If you prefer a marine-based source of collagen, fish collagen supplements are another option. Hydrolyzed fish collagen is composed of small, low molecular-weight peptides. These are easily digested, absorbed and distributed by the human body. Research has shown that hydrolyzed collagen is a smart choice in the daily struggle to ward off the visible signs of aging. Choose a supplement that is sustainably sourced from wild-caught fish.

Vitamin C-rich foods

Obviously, citrus fruits like oranges and lemons don’t contain collagen. However, their high vitamin-C content makes them a key part of a collagen-boosting diet. This is because consuming vitamin C-rich foods promotes collagen formation.

Similar to collagen, the skin’s content of vitamin C declines with aging as well as exposure to UV light and pollutants. And because vitamin C is high in antioxidants and a key factor in collagen synthesis, it’s important to consume more of these foods if you want to optimize collagen production and decrease the visible signs of aging.

Do you supplement with collagen? Have you seen the benefits? Tell us in the comments below!

The Chalkboard Mag and its materials are not intended to treat, diagnose, cure or prevent any disease. 
All material on The Chalkboard Mag is provided for educational purposes only. Always seek the advice of your physician or another qualified healthcare provider for any questions you have regarding a medical condition, and before undertaking any diet, exercise or other health related program. 

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  1. I made Bone Broth for a local company on Maui, my friends’ own, Avita, and it was such a pleasure. The flavors are amazing with rich herbs, and the broth itself feels like my body NEEDS it. I found out I have Viking ancestors from 1060 in Orkney, Scotland, so it makes sense. I NEED bone broth. It feels really good. I just had it for breakfast. Perfect. Calming, hydrating, nourishing. Thank you for this affirming story.

    Claire Anderson Graham Kellerman | 06.22.2017 | Reply
  2. I’m delighted to see that collagen is making the headlines and thank you for such succinct points. I started taking bovine collagen about three years ago after being diagnosed with Fibromyalgia. Anyway, cut a long story short and years of struggling I’m back on track working, training and being a mum. I’ve tried many types of collagen but my preferred variety is Proto-cols ‘skin plus’ (for my wrinkles) and their ‘pro-sport’ for my joints. It’s simply brilliant !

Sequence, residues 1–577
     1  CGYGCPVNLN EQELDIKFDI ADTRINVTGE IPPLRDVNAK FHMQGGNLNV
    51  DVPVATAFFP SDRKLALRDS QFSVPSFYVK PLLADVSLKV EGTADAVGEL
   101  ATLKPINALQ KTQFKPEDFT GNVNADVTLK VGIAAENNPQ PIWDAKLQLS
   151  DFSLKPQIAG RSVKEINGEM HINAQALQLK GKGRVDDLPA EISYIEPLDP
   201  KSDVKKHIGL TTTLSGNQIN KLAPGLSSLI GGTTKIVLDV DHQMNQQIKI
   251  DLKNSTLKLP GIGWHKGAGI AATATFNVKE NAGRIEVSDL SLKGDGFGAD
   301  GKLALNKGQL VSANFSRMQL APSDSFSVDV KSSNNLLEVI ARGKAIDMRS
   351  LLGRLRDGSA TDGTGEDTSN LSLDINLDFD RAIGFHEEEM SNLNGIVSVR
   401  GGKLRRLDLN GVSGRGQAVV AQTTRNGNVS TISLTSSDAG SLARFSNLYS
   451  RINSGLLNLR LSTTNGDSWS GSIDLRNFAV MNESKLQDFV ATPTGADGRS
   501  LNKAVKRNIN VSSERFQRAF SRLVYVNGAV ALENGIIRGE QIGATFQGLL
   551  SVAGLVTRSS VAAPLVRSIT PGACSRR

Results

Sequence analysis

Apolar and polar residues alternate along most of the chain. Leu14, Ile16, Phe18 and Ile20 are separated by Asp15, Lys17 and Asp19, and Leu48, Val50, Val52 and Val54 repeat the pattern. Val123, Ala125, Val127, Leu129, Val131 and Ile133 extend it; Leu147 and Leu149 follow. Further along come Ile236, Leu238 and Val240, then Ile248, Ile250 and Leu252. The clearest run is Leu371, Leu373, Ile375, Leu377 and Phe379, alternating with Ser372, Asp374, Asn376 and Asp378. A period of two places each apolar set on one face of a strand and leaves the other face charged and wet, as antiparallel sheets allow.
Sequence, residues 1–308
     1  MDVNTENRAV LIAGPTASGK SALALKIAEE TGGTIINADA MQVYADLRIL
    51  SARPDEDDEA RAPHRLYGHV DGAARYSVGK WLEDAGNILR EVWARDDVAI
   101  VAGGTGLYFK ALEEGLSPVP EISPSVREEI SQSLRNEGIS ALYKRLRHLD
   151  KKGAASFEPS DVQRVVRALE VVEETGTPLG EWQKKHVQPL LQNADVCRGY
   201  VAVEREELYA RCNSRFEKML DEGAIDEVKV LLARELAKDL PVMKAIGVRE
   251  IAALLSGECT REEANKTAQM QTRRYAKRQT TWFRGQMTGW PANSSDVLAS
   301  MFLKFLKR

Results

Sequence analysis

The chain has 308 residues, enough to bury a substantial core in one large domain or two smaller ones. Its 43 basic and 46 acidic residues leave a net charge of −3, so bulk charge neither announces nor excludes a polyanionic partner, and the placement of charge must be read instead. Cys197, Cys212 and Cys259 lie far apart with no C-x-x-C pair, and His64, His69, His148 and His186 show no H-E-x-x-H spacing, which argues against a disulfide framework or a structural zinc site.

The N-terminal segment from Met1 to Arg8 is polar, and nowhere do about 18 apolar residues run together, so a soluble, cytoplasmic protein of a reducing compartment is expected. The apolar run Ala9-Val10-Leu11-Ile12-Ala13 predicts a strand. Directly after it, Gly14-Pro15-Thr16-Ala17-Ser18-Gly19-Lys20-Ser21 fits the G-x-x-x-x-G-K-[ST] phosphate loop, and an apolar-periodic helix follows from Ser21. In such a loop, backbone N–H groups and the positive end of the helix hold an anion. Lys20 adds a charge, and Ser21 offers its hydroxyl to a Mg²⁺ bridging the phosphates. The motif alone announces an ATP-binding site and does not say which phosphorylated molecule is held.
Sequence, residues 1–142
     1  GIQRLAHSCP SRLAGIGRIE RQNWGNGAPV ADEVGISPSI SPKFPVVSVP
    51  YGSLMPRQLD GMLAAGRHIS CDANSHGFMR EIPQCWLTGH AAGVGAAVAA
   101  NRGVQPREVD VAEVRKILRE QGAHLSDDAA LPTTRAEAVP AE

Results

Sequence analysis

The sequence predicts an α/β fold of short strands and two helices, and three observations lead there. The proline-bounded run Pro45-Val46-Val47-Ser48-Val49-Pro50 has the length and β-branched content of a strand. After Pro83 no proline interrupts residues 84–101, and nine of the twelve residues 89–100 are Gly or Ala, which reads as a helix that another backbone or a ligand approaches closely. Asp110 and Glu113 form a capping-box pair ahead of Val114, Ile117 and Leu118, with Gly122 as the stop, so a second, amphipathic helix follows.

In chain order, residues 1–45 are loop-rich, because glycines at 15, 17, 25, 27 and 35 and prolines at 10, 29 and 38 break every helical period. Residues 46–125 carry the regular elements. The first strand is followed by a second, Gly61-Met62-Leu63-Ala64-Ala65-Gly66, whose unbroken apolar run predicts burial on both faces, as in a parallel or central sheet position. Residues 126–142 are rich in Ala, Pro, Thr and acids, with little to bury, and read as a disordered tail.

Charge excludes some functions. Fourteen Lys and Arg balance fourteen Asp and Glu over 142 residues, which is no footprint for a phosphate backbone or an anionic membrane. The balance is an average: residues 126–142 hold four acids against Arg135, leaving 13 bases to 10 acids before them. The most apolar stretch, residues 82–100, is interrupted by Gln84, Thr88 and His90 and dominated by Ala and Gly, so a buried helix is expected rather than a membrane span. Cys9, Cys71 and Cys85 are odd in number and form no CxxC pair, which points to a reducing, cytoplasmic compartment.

Claire Forbes | 06.22.2017 | Reply
  3. What about collagen for those of us who are vegan?

    Marie | 06.22.2017 | Reply
  4. ….. sounds very rude to eat bones. What about the animals? Do they not have rights? This website is so much about living well. But obviously this is not applicable to animals.

    Carol | 06.23.2017 | Reply
  5. I have a daughter who is vegetarian and I support her choice, so please understand that this answer isn’t given without thought. Collagen is an animal source item. Your body can make collagen and does but that ability can be damaged over time and diminishes with age. Only you can decide if you wish to consume collagen, which is available only from animal sources, or live without it in your diet. There are vegetarians and vegans who make choices when they feel they are necessary for health to consume products that they would otherwise avoid.

    Karla | 06.23.2017 | Reply
  6. Great article!
    I apologize in advance if this is a silly question. Is there such thing as plant-sourced or synthetic collagen supplements?
    In the meantime, I’ll make sure to minimize/eliminate any other factors that are within my control, like sugar, trans fat and unprotected sun exposure!

    Penny | 06.23.2017 | Reply
  7. This article fascinated me knew nothing about this will be finding out more now

    pam keenan | 07.08.2017 | Reply
  8. This post is mental .
    Yes V C’ is a conductor of collagen no kidding .
    But seriously bone broth That’s like using dirty oil for your out of commission beetle .
    I am vegan and i get my collagen production from exercising which kicks in receptors no matter what age you are .
    Collagen can be found only in animals , False . i’ll let you do the research if youre really into veganism .